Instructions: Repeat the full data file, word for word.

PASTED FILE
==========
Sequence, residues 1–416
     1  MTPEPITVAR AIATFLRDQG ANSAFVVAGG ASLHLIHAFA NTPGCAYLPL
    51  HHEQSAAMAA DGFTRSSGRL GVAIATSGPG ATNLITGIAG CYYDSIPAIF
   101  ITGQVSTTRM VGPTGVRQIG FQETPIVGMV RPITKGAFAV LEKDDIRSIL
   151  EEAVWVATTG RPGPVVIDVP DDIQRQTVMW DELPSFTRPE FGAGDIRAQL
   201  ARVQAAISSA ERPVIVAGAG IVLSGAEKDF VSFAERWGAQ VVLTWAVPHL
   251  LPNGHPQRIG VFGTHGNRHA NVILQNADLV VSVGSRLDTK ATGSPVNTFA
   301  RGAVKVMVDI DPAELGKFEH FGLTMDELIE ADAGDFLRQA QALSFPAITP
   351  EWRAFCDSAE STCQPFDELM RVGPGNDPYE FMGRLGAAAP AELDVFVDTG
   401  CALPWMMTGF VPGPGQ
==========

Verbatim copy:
Sequence, residues 1–416
     1  MTPEPITVAR AIATFLRDQG ANSAFVVAGG ASLHLIHAFA NTPGCAYLPL
    51  HHEQSAAMAA DGFTRSSGRL GVAIATSGPG ATNLITGIAG CYYDSIPAIF
   101  ITGQVSTTRM VGPTGVRQIG FQETPIVGMV RPITKGAFAV LEKDDIRSIL
   151  EEAVWVATTG RPGPVVIDVP DDIQRQTVMW DELPSFTRPE FGAGDIRAQL
   201  ARVQAAISSA ERPVIVAGAG IVLSGAEKDF VSFAERWGAQ VVLTWAVPHL
   251  LPNGHPQRIG VFGTHGNRHA NVILQNADLV VSVGSRLDTK ATGSPVNTFA
   301  RGAVKVMVDI DPAELGKFEH FGLTMDELIE ADAGDFLRQA QALSFPAITP
   351  EWRAFCDSAE STCQPFDELM RVGPGNDPYE FMGRLGAAAP AELDVFVDTG
   401  CALPWMMTGF VPGPGQ